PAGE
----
29 Purple Hearts approved for troops injured in Iran missile strike

29 Purple Hearts approved for troops injured in Iran missile strike
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Twenty-nine U.S. soldiers have been approved for Purple Hearts after suffering traumatic brain injuries (TBI) from Iran’s January missile strike on an Iraqi military base, with the first six awarded Sunday and Monday, U.S. Central Command (Centcom) said Monday.

“The first six Purple Hearts approved for injuries sustained during a Jan. 8, 2020, Iranian ballistic missile attack on Al Asad Air Base in Iraq were awarded to U.S. Army soldiers in Iraq and Kuwait on May 3 and 4, respectively,” Centcom spokesman Cmdr. Zachary Harrell said in a statement.

The remaining 23 awards are expected to be presented this week, Harrell added.


On Jan. 8, Iran launched a ballistic missile strike on Iraq’s al Asad Air Base in retaliation for the U.S. drone strike that killed Iranian Gen. Qassem Soleimani while he was at the Baghdad airport earlier that month.

U.S. officials initially said Iran’s attack caused no injuries, but later revealed dozens of troops were suffering from TBI. Officials attributed the delay in reporting the injuries to the fact that symptoms from TBI can sometimes take time to present themselves.

Eventually, 110 U.S. service members were diagnosed with TBI.

When brain injuries from the attack were first revealed, President TrumpDonald TrumpCuban embassy in Paris attacked by gasoline bombs Trump Jr. inches past DeSantis as most popular GOP figure in new poll: Axios Trump endorses Ken Paxton over George P. Bush in Texas attorney general race MORE elicited criticism by downplaying their severity. Trump said in January that he “heard that they had headaches and a couple of other things,” calling the injuries “not very serious.”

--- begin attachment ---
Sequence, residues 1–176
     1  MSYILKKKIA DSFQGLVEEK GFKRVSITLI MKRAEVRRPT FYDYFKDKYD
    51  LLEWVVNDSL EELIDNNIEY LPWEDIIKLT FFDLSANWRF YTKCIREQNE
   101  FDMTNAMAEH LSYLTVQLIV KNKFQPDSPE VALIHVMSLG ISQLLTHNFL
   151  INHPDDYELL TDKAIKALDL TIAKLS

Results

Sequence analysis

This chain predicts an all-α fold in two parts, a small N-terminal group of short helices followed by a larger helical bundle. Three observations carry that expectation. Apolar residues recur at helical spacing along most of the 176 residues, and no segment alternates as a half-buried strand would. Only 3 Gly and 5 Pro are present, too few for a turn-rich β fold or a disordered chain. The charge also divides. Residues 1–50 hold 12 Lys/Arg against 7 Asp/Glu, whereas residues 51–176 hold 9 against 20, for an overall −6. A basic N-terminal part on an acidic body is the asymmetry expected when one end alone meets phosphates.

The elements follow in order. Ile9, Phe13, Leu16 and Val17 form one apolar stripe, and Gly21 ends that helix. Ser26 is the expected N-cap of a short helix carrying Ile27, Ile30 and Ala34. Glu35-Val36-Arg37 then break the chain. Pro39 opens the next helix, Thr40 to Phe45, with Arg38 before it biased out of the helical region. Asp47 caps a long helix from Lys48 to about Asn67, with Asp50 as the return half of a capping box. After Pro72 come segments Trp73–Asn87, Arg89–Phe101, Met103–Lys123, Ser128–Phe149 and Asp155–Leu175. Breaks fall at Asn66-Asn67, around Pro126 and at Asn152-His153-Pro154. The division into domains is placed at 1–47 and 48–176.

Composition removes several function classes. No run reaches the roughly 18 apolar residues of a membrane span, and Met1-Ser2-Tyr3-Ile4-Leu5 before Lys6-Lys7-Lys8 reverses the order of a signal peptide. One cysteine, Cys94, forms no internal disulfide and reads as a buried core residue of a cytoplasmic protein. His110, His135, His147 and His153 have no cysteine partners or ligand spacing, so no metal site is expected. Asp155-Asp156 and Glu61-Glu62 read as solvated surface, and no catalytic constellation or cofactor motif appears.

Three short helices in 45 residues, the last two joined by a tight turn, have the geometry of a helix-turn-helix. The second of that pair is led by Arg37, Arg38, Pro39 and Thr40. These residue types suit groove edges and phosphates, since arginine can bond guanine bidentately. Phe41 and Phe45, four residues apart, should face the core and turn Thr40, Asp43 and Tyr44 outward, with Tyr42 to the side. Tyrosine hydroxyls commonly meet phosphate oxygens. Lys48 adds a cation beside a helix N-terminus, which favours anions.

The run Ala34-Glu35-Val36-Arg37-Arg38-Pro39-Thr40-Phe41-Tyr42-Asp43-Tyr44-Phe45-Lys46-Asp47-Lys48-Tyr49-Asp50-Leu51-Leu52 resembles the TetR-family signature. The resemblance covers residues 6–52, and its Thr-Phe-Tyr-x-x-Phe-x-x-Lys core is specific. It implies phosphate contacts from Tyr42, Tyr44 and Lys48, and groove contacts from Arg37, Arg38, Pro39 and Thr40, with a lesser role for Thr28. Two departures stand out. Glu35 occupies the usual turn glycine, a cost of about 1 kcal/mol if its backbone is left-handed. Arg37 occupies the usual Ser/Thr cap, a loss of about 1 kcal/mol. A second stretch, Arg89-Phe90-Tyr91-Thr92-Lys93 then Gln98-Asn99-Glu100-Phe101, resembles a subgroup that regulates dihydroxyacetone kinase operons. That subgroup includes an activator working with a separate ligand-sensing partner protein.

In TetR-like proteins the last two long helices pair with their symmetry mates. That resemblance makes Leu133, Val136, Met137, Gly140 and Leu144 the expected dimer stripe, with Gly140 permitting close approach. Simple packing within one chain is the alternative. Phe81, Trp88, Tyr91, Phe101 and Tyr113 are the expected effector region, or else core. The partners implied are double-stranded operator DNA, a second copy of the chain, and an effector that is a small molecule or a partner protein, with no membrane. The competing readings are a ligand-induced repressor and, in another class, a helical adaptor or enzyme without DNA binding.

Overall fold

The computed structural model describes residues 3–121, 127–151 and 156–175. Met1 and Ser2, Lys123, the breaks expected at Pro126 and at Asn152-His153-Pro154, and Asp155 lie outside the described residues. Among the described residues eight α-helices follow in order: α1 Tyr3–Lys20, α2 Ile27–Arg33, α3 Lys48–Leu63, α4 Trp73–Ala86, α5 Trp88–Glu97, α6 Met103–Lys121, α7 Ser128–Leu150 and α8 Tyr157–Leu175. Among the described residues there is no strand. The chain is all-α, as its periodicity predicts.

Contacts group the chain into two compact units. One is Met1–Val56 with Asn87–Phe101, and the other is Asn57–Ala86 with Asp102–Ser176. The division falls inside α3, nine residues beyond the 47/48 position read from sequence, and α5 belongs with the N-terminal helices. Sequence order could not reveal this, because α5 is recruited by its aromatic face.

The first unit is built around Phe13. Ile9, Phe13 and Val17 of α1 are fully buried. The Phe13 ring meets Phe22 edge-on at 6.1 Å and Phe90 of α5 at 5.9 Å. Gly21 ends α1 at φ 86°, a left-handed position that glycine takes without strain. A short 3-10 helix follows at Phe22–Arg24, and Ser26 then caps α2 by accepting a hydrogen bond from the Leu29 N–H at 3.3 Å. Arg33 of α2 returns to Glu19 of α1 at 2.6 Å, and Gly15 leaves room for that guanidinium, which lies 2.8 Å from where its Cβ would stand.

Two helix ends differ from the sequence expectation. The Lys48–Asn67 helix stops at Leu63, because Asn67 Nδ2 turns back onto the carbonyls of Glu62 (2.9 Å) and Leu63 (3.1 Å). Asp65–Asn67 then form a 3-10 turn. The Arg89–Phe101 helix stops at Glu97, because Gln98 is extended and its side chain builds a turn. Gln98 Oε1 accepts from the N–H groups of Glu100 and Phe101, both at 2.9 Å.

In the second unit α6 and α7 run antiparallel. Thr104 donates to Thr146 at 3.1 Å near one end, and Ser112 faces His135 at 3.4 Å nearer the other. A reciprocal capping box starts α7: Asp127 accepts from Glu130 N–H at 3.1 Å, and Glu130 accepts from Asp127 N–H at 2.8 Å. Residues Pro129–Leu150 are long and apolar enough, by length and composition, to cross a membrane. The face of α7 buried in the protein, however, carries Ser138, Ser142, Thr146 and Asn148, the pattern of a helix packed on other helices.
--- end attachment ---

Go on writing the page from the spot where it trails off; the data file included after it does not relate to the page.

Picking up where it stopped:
Lt. Gen. Pat White, commander of the U.S.-led anti-ISIS coalition, approved the Purple Hearts after a review, Harrell said Monday.

A total of 80 recommendations for Purple Hearts for those injured in the attack were received by Combined Joint Task Force-Operation Inherent Resolve (CJTF-OIR), and each was evaluated individually by a review board, Harrell said. The board gave its recommendations on Army soldiers to White.

There were also two airmen submitted for review who White recommended against approving, according to the statement. White gave that recommendation to Lt. Gen. Joseph Guastella, commander of U.S. Air Forces Central Command, who has final approval over awards for the airmen, the statement added.

“It is important to note that a Traumatic Brain Injury (TBI) diagnosis does not automatically qualify a service member for Purple Heart eligibility or awarding,” Harrel said, “and the CJTF-OIR process was designed to be a fair and impartial proceeding that evaluated each case in accordance with applicable regulations.”